Citizen journalist arrested by Chinese authorities for reporting on the coronavirus

Image: Citizen journalist arrested by Chinese authorities for reporting on the coronavirus

 
A citizen journalist who traveled to Wuhan to report on the coronavirus outbreak was recently arrested by Chinese police. Zhang Zhan has become the fourth known independent journalist to be silenced by authorities for attempting to document the effects of the pandemic.

Chinese human rights blog Weiquanwang broke the news about Zhang’s arrest on June 20. According to the site, local authorities arrested Zhang on June 19, after the prosecutor’s office in Shanghai’s Pudong district, approved her arrest on the charge of “picking quarrels and provoking trouble.”

Zhang is currently being held at the Pudong New District detention center.

Zhang silenced after speaking up against the government

Zhang’s arrest isn’t the first time she’s gotten in trouble with the Chinese government. In 2017, she had her license to practice law revoked after participating in a petition for amendments to a local administrative law on lawyers.

Zhang arrived in Wuhan in February, acting as a video journalist and posting reports on her WeChat account, as well as on YouTube and Twitter.

On May 13, Zhang posted a video on her YouTube channel of her speaking in front of the Hankou Railway Station in Wuhan. Here, she criticized local health authorities’ plan to roll out virus testing at about 180 yuan ($15) per person as being too high a price. She noted that locals had been under lockdown for months and unable to work.

In her video, she added that while human rights had been trampled during the outbreak, people would still be likely to foot the bill to prove that they were virus-free. In Wuhan, citizens must present a mobile-app-generated code showing that they are virus-free to pass security checkpoints.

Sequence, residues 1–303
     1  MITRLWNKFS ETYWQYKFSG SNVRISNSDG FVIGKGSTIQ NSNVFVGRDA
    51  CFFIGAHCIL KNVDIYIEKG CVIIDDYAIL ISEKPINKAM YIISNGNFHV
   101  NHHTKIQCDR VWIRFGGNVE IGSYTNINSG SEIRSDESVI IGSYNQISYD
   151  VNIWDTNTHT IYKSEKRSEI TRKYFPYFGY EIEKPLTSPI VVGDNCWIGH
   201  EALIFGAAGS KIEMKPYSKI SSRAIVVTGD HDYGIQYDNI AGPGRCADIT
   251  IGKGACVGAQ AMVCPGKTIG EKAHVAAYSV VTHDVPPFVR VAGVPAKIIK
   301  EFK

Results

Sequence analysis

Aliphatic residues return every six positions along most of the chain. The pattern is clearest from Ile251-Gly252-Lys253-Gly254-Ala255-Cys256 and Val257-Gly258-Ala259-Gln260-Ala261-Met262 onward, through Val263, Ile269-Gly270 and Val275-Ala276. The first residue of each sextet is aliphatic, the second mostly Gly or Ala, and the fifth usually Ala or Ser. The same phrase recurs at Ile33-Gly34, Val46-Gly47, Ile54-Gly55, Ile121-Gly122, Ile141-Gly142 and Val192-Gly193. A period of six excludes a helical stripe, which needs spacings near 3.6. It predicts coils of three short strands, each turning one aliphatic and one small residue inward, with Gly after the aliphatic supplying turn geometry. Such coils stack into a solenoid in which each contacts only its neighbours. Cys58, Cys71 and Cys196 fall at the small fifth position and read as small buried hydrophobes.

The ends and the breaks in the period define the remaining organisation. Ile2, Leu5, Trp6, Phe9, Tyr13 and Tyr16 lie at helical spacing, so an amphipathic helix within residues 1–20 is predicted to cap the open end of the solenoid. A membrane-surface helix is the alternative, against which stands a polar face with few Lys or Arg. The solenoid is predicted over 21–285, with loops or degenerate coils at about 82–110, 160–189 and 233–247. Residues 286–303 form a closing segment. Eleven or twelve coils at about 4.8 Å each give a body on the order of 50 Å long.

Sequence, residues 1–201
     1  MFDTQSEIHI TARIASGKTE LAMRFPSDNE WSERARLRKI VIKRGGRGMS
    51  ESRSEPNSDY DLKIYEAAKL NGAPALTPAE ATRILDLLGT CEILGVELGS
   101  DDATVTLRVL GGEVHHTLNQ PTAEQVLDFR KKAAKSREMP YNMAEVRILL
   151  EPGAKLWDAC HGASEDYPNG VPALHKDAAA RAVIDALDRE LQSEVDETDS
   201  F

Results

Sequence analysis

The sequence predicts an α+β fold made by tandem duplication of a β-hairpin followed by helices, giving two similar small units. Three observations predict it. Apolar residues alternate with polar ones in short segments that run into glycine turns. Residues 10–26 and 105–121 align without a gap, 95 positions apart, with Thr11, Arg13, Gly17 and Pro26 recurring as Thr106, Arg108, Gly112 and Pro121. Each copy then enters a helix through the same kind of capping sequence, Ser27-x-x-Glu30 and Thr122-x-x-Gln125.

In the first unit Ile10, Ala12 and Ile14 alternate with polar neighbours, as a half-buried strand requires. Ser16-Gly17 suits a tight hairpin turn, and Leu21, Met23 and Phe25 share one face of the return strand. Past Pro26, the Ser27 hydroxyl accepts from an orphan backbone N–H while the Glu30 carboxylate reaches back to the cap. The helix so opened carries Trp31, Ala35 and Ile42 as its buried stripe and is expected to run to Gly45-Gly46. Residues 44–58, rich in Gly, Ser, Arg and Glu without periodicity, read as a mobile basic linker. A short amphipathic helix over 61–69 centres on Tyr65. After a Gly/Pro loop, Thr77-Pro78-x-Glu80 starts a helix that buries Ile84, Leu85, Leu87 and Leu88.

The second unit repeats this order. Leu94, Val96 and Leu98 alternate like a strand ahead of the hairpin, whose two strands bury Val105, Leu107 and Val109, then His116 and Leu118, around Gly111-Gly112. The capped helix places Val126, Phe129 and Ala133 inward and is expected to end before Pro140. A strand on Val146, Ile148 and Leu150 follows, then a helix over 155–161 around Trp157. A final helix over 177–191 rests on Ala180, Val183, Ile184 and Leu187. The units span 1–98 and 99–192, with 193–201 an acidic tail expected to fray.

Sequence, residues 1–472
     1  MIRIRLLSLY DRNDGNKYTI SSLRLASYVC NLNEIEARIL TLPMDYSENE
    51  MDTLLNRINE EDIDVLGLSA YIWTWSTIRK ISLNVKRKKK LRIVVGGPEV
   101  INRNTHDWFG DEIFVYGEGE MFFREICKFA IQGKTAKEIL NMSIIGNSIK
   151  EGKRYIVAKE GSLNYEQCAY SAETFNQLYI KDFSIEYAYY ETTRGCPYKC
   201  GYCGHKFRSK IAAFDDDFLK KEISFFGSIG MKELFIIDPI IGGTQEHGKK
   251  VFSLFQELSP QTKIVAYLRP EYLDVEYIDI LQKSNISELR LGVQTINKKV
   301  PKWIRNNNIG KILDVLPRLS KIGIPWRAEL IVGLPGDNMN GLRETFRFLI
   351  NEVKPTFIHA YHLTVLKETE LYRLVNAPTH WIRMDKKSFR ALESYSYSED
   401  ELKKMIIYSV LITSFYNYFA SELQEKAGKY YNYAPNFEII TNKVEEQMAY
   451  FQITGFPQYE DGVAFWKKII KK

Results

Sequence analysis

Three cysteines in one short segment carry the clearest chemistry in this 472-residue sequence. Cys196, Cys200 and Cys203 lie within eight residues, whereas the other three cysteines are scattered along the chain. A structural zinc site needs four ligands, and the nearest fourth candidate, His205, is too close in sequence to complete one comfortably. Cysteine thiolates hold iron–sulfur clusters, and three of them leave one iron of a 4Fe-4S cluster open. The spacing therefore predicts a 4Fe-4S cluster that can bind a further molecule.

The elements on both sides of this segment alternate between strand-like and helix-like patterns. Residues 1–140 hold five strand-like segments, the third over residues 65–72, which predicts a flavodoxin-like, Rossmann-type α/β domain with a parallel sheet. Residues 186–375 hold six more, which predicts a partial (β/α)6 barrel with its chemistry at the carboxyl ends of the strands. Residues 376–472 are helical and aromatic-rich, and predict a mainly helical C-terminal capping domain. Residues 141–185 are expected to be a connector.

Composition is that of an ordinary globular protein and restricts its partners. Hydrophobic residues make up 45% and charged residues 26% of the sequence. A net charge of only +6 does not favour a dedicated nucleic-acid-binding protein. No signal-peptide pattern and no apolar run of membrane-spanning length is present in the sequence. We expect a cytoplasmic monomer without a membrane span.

In addition, she also called out the intimidation tactics that city officials used to try to control the spread of the virus. She specifically called them a “sorrow of the country.”

A day after she posted the video, she went missing.

A couple of days after she disappeared, the Pudong police bureau released a notice stating that Zhang was being detained, according to the U.S. based rights group Chinese Human Rights Defenders (CHRD).

Meanwhile, the Paris-based nonprofit Reporters Without Borders said that Zhang was still being detained in Shanghai as of May 26.

Whether her most recent arrest is related to her past detention is currently unknown as of reporting time.

Others silenced by Beijing

Zhang is the fourth journalist to have been silenced by Chinese authorities in regard to the Wuhan coronavirus outbreak.

The first of these was another human rights lawyer named Chen Qiushi. Similar to Zhang, Chen had also traveled to Wuhan early this year to document the situation in the city. Chen disappeared sometime in early February with friends and family suddenly losing contact with him. They have since claimed that Chen, who has yet to resurface, had been forcibly quarantined by Wuhan police after he published video reports about the outbreak.

Another person who has yet to surface is Fang Bin. Fang had been accusing the government of covering up the true scale of the outbreak in Wuhan up until. Fang was arrested by Wuhan police on February 10, a day after he uploaded his final video, and has not been seen since.

Li Zenhua, on the other hand, was able to live-stream his encounter with Wuhan police when they went to arrest him. He then went silent for two months after the incident, only to emerge in late April. He has since claimed that he spent two weeks “quarantined” in both Wuhan and his hometown.

Chinese censorship has also gone beyond these four citizen journalists. Reports show that even grieving relatives have been silenced by the Chinese government for asking questions about how their loved ones died.

With the Chinese government continuing to cover up the truth about the ongoing outbreak, it’s likely that these will not be the last to be silenced.

Sources include:

TheEpochTimes.com

CPJ.org

BusinessInsider.com

NYTimes.com

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